Section 3 - ORIE3510 Introduction to Engineering Stochastic...

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Unformatted text preview: ORIE3510 Introduction to Engineering Stochastic Processes Spring 2010 Section 3 Review Recurrence (positive and null), transience, periodicity and ergodicity Limiting and stationary distributions & long-run proportions. Problem 4.29 We have N employees, with N large. There are 3 job classifications and employees change job classifications (independently) according to a DTMC with probability matrix . 7 0 . 2 0 . 1 . 2 0 . 6 0 . 2 . 1 0 . 4 0 . 5 We want to know what percentage of employees are in each job classification. Solution: The chain is finite state and irreducible which implies that all states are recurrent. To see why all states must be recurrent (for general number of states M ), assume that all states are transient. Then, since state 0 is transient, there must exist a time T after which 0 is never visited. Likewise, for any other state i , there must exist a time T i after which i is never visited. Hence, there exists a time T = max { T ,...,T M } after which no state is visited. This is a contradiction, so all states must be recurrent. Note, by Hw3, that P ij > 0 for all i,j S , so we have P ( n ) ij > 0 for all n 1 and all i,j S . This implies that the chain is aperiodic, and hence ergodic. Therefore, we know that the chain has a unique stationary distribution, , which is also the limiting distribution....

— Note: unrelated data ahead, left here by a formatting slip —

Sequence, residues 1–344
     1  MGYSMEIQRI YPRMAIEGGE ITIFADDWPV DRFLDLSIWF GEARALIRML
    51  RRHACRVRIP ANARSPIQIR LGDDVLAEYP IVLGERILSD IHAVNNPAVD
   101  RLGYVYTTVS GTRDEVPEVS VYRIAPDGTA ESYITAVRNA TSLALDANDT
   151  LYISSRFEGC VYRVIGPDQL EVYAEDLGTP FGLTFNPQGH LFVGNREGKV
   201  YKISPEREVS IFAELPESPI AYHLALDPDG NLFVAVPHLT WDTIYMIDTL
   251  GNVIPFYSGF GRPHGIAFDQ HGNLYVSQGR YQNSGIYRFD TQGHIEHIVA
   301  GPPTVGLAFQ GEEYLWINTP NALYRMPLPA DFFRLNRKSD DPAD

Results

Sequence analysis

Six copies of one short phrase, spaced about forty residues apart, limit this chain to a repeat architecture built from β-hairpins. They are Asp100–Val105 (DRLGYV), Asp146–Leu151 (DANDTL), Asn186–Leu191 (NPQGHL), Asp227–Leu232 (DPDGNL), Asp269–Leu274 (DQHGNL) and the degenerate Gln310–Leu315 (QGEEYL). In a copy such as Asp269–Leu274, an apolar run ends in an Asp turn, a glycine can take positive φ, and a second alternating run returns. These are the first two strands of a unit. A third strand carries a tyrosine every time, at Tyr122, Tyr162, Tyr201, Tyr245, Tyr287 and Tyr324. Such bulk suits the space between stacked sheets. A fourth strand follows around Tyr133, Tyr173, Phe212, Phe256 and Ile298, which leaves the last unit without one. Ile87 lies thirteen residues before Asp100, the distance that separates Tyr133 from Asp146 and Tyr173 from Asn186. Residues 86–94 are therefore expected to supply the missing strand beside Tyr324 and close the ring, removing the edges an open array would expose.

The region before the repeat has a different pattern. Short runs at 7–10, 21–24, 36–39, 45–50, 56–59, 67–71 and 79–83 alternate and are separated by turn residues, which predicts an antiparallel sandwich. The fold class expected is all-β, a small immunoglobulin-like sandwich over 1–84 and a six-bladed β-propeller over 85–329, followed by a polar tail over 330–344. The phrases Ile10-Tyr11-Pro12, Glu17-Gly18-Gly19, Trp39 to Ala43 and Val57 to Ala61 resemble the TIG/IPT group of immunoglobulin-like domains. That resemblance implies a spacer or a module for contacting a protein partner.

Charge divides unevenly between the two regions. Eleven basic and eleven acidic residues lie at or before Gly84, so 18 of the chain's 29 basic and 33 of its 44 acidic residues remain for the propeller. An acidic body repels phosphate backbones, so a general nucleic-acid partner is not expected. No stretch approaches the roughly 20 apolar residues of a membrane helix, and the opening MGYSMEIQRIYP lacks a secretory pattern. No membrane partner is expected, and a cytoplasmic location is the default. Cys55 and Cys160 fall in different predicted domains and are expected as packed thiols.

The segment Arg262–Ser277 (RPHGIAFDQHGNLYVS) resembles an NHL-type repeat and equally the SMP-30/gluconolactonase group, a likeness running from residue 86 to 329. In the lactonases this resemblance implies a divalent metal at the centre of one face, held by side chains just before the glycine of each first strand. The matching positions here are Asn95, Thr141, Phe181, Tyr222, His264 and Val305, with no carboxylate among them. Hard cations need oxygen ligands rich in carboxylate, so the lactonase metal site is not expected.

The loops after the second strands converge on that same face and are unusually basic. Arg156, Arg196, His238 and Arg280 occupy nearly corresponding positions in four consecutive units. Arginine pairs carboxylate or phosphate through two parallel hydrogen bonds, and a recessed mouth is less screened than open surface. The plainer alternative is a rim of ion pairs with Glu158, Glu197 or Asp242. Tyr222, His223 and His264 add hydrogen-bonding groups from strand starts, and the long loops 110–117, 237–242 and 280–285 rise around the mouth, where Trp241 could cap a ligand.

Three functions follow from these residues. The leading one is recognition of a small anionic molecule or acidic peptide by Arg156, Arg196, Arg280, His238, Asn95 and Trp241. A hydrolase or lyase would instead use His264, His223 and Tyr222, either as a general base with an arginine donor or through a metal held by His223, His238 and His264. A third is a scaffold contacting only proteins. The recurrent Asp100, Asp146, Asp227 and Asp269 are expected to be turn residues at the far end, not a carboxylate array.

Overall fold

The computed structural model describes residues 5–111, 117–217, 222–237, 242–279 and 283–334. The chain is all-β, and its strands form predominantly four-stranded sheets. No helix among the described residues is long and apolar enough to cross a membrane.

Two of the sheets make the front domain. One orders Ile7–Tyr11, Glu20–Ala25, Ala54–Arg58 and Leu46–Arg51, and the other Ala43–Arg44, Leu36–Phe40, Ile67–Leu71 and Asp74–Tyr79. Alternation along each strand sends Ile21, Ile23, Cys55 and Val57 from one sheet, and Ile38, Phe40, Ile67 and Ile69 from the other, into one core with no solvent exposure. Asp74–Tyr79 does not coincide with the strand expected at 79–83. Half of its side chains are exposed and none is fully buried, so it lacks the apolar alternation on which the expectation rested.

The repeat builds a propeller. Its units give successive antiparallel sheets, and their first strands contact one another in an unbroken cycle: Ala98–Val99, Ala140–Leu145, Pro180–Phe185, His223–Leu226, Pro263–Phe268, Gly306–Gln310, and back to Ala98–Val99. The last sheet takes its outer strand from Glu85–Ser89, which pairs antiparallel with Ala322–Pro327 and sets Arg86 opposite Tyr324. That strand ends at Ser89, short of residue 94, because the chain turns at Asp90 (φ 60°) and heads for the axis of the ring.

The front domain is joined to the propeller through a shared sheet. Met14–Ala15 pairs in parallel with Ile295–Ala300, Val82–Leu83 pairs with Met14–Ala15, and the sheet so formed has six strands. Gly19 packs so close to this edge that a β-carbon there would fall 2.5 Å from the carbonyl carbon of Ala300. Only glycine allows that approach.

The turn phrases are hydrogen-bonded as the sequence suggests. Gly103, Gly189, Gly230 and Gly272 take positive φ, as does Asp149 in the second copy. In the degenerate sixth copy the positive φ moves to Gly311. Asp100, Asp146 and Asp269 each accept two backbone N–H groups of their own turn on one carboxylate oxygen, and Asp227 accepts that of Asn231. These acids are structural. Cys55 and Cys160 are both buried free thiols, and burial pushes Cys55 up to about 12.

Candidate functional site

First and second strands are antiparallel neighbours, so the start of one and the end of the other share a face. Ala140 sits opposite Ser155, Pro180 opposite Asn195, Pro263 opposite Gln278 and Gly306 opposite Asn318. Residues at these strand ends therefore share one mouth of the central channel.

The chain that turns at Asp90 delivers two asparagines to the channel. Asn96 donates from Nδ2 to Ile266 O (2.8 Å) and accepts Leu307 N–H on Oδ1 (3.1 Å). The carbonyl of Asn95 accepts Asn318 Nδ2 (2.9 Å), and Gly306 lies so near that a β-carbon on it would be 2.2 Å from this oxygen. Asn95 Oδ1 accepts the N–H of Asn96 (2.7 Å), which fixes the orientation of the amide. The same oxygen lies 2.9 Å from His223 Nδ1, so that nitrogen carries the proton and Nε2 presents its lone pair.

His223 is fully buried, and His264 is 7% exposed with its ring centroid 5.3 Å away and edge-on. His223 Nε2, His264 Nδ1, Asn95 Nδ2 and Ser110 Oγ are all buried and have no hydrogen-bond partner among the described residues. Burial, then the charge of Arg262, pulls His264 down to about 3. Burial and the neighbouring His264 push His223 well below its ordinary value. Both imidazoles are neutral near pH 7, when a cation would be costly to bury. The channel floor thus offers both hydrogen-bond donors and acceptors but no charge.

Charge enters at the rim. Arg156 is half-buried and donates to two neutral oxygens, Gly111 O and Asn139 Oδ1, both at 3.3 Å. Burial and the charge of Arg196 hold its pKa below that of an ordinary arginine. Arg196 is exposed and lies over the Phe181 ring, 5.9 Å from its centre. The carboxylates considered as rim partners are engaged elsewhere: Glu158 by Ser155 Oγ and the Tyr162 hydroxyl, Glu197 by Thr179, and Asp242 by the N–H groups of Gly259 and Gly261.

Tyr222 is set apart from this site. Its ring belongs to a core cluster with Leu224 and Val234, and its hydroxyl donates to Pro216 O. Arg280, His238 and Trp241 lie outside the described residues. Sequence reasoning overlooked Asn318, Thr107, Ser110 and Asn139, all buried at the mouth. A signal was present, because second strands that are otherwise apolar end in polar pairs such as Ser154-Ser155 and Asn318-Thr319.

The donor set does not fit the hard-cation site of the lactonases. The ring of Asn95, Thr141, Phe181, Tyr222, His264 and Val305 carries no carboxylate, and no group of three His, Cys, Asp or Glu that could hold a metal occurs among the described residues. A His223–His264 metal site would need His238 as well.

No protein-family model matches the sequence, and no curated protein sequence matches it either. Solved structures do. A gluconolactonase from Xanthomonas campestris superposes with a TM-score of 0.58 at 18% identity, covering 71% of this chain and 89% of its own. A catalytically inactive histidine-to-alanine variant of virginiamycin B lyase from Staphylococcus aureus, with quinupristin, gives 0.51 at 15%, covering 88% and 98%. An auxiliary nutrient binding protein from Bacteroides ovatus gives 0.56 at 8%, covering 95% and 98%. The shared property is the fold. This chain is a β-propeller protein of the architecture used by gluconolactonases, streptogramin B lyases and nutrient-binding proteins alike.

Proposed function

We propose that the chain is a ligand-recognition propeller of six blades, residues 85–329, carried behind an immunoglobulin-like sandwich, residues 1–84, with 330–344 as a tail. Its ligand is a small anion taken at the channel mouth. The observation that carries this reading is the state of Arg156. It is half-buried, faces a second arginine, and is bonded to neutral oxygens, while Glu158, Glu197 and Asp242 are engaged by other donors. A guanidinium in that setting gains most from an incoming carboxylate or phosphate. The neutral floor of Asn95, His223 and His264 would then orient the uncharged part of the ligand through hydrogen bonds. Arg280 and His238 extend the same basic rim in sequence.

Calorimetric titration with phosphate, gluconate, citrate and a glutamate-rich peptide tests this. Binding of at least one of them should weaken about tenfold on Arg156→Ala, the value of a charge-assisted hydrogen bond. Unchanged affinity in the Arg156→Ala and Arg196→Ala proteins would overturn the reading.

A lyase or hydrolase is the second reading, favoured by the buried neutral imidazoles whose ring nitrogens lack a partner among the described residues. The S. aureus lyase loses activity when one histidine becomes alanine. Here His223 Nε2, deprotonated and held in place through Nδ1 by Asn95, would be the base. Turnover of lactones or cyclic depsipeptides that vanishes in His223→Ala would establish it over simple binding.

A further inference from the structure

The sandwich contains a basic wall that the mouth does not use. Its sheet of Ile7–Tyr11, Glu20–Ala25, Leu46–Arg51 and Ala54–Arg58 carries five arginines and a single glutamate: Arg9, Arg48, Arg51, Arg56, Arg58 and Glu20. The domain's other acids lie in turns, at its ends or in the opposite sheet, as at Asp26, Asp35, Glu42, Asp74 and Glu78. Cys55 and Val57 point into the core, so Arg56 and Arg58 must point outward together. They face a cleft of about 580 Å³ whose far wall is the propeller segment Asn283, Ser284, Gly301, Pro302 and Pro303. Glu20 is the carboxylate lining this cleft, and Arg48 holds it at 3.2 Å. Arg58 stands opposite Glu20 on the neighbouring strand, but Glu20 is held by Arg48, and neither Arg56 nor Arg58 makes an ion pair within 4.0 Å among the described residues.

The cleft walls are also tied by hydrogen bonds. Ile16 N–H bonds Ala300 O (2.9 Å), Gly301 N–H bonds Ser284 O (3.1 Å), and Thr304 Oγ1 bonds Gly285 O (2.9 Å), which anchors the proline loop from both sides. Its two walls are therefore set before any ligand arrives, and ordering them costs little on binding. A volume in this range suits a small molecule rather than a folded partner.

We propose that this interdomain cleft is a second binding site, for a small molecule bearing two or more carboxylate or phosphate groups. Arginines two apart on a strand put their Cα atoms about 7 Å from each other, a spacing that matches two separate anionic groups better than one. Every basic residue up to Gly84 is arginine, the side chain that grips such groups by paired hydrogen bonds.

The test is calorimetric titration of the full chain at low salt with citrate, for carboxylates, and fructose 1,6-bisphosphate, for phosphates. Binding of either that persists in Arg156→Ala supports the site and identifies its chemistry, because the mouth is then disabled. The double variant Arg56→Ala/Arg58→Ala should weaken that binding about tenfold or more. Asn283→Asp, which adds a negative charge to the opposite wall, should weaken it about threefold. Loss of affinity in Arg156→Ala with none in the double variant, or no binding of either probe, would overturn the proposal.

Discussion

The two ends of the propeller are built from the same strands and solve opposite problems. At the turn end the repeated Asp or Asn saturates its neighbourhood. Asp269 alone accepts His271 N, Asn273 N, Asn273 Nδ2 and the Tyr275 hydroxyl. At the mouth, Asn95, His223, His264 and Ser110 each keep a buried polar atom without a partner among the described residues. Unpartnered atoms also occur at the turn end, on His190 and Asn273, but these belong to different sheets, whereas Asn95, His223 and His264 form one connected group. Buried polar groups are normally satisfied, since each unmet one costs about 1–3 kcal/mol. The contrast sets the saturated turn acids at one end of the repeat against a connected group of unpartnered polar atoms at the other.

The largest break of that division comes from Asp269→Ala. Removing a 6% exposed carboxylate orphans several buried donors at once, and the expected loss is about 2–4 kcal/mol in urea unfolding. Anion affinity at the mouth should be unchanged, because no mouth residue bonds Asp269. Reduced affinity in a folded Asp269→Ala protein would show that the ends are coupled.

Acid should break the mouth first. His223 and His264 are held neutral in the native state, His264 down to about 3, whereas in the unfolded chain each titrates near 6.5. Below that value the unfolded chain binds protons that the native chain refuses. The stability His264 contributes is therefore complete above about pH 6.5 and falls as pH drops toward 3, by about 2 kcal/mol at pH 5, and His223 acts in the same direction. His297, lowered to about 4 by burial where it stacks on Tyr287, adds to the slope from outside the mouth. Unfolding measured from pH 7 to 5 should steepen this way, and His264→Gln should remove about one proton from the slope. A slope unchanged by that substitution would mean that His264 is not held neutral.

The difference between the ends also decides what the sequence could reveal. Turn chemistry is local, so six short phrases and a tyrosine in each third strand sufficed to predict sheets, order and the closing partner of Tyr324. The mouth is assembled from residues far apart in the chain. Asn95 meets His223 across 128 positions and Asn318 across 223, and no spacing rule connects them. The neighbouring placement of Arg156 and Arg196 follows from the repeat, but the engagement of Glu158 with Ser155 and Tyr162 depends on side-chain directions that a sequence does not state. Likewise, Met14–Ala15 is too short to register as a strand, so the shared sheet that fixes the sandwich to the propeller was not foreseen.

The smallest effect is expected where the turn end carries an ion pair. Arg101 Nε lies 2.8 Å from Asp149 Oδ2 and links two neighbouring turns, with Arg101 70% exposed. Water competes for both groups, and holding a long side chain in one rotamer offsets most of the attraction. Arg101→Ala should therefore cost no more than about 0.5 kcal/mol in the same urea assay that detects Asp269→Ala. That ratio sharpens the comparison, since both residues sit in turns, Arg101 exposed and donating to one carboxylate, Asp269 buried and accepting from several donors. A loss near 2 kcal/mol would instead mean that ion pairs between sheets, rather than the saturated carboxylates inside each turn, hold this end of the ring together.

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This note was uploaded on 10/29/2011 for the course ORIE 3510 taught by Professor Resnik during the Spring '09 term at Cornell University (Engineering School).

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Section 3 - ORIE3510 Introduction to Engineering Stochastic...

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